In terms of Sydney mysteries, the death and life of Florence Broadhurst would be up there with the best of them.
Today, Florence is remembered as a flamboyant Sydney designer and socialite, creator of beautiful wallpaper designs that defined style in 1960s and 1970s Sydney. Sadly she is also remembered for her untimely and brutal death-murdered in her studio in Paddington in 1977.
What is maybe not so well known are the many guises she took on over her life, changing styles, names and countries as she pursued her goals.
Florence was actually born in south-east Queensland on a cattle station, growing up in the small cottage allocated her father who was manager. Learning to sew, play tennis and sing, Florence took her first steps into public life in 1918 as a 19 year old singer at a fundraiser for soldiers in Bundaberg.
In 1922 she left Australia with the musical group the Globe Trotters, touring Asia under the name Bobby Broadhurst, a nickname the troupe had given her. The tour through colonial Asia lasted 15 months, visiting Singapore, Bangkok, Hong Kong, Kuala Lumpur, Penang, Calcutta, Delhi, Karachi, Shanghai, Tientsin and Peking. The tour let Florence leave south east Queensland far behind. The beautiful young dancer, with short bobbed hair and flapper style was rumoured to have been romantic with an Anglo-Indian raj, amongst other things.
Florence stayed in Asia until 1927, first playing in Shanghai’s hottest clubs and later opening a dance and music school, teaching the rich party scene all the new dances coming out of Europe and America. She was particularly known for her Charleston lessons. But by early 1927, the Shanghai scene was on the way down, and after a brief return to Australia, she headed to London.
In London Broadhurst, after marrying and working in upper class fashion houses, set herself up as a French couturier, Madame Pellier designing and selling the latest in European fashions. Claiming to be dressmakers to the royal court, Broadhurst built a strong business dressing London’s theatre and musical scene. She stayed in London through the war, returning to Australia with her husband and young son in 1949, moving to Manly where she established herself as a landscape artist. She had taken a 3 month painting trip, heading back to her father’s Queensland property (he had moved up in the grazier world) for inspiration.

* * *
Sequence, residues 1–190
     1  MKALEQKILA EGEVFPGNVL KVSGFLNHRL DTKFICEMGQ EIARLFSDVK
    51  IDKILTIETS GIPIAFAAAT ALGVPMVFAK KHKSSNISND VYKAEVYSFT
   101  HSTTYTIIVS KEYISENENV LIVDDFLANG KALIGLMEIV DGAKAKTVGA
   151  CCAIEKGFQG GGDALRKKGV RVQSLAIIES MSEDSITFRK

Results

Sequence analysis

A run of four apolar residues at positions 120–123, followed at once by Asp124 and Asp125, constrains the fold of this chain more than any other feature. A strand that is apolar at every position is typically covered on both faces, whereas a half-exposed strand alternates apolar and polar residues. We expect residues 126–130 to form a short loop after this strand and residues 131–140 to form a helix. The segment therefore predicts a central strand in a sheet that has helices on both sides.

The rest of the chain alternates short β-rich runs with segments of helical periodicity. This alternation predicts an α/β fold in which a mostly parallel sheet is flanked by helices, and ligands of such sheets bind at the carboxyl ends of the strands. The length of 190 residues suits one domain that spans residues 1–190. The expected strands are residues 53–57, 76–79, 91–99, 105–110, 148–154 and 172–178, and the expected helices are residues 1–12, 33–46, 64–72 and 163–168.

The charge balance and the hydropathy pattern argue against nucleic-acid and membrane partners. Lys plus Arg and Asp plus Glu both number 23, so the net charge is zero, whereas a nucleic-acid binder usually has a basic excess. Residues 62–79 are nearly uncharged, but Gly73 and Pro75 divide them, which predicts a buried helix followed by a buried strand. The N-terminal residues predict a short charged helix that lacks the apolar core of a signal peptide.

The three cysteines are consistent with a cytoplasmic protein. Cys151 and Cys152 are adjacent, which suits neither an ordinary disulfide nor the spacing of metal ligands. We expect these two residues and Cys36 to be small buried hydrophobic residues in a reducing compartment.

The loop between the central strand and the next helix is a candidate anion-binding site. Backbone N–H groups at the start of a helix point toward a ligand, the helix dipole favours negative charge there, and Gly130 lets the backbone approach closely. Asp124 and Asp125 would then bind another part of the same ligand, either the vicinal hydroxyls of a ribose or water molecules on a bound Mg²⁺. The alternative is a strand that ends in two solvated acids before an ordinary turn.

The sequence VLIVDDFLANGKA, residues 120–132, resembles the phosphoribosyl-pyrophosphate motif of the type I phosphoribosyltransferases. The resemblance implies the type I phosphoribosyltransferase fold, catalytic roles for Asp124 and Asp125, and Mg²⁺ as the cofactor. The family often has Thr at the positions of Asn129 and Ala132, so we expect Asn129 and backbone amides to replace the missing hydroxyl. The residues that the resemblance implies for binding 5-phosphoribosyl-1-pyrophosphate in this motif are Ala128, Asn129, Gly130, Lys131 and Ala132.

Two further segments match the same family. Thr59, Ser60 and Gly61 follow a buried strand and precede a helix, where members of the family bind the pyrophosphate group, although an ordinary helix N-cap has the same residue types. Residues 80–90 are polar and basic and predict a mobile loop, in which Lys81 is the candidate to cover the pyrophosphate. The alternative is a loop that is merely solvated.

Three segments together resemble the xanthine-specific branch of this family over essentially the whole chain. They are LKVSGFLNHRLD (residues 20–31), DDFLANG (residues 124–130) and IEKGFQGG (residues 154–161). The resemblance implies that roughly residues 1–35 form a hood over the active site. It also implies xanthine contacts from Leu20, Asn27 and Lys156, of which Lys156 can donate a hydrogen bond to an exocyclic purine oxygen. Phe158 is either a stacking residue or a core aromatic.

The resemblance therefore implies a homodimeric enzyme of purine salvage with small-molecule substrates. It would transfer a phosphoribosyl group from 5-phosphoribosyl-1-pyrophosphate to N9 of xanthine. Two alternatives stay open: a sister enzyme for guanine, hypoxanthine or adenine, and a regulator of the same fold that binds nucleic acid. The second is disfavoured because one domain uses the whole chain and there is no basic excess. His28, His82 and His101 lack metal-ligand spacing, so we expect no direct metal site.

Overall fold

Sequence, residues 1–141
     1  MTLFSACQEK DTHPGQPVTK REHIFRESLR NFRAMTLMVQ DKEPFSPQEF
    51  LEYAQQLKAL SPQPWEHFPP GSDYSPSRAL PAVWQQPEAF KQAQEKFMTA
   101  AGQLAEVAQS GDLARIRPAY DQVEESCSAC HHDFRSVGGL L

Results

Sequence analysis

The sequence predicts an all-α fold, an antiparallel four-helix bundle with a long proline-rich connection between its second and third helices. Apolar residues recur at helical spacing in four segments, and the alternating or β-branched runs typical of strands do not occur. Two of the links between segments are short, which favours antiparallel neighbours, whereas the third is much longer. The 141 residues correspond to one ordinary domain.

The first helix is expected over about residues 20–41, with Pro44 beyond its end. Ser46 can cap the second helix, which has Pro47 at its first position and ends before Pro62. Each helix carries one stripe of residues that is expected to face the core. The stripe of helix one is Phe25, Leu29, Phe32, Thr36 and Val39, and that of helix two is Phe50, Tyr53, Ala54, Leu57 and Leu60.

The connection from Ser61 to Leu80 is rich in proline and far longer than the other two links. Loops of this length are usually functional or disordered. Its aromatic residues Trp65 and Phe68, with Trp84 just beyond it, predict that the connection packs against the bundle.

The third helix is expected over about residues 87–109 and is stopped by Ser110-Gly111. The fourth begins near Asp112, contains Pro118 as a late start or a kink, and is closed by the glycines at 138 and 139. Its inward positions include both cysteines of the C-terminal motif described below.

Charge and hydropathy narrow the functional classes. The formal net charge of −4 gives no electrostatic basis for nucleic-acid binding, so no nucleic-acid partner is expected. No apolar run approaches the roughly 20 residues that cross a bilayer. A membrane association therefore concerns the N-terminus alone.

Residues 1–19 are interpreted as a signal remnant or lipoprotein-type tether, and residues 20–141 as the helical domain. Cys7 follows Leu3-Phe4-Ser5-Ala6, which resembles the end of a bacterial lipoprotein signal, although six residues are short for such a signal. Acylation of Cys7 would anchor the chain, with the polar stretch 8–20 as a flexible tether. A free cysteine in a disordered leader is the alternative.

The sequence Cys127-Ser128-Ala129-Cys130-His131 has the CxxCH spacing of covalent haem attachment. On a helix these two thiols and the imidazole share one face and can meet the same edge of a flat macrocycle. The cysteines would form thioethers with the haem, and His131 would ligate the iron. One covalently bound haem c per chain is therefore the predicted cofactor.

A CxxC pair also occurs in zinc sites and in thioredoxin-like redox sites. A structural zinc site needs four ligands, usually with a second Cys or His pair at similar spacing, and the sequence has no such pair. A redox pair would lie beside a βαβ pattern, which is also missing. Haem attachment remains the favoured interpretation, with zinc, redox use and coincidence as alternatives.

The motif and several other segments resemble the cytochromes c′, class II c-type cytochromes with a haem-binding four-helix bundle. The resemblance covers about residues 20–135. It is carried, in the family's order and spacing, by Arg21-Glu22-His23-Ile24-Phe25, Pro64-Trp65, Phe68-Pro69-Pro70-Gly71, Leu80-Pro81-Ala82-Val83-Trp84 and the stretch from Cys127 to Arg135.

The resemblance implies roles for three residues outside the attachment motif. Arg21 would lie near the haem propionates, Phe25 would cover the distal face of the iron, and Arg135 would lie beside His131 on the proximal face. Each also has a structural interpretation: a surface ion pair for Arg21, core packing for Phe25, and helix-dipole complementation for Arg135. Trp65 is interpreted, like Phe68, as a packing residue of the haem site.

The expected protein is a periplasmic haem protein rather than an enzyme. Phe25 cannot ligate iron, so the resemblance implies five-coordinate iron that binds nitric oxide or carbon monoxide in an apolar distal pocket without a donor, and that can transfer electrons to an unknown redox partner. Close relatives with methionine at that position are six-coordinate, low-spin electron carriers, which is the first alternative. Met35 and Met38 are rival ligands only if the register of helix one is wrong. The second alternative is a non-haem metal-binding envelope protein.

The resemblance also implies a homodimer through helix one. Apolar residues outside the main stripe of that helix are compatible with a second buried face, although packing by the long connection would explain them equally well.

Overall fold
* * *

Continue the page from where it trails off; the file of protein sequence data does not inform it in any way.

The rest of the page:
Broadhurst painted and exhibited in Sydney, at the same time filling in her European backstory claiming to be English and a former concert singer in London and Paris. Her artistic career didn’t last, she wasn’t that good. Instead she moved on to public speaking and being a socialite. Meeting the Queen Mother in 1958, Broadhurst allowed the story of her English background to grow and claimed to have met the Queen Mother on a number of occasions.
In the late 1950s, in a complete change of direction, Broadhurst and her now ex-husband went into business together running a trucking company. Starting with eight lorries, they built up a large transport venture. With the money from the business, Florence established a wallpaper factory in 1959, called Australian (Hand Printed) Wallpapers.
It was the wallpaper that made her name in Sydney more than anything else. Initially the business was run out of a shed at the rear of her trucking business, a business that did not fit easily with her socialite personality. She started it with John Lang, a 18 year old artist who rented the shed, and hit the market just as wallpaper was becoming the next big thing. Thousands of new houses needed covering, and cheap, bright designs caught the imagination. Broadhurst poured her imagination and world experience into her designs. Her years in Asia shone through.
In 1969 she opened a new factory and studio in Paddington, operating as Florence Broadhurst Wallpapers. By now her designs were highly prized and her flaming red hair and wild personal style set her apart in the otherwise conservative Sydney scene. Her papers donned the walls of the State Theatre, Grace Brothers, David Jones and later the Centrepoint Tower. Her business had also gone international, with wallpaper in the Raffles Hotel in Singapore, as well as selling in London, New York and the Middle East. By 1972 she claimed to have over 800 designs. Although, as her eyesight was failing it is not absolutely certain she designed everything she claimed.
It was all going so well.
Then in October 1977, on a Saturday, someone came into the factory after the workers had left. Florence was eating a snack upstairs in her studio, where she was later found brutally murdered by person unknown. Two of her diamond rings were stolen, but not much else.
Her death broke the business and her designs faded from memory until almost 20 years later. A retro revival saw her prints resurrected through a new company, Signature Prints. Once again Florence’s designs went international and jumped off the wall into fabrics, clothes, linen, carpets and even furniture.
And so she lives on.
PS: It is her birthday tomorrow, 28 July. Happy Birthday Florence.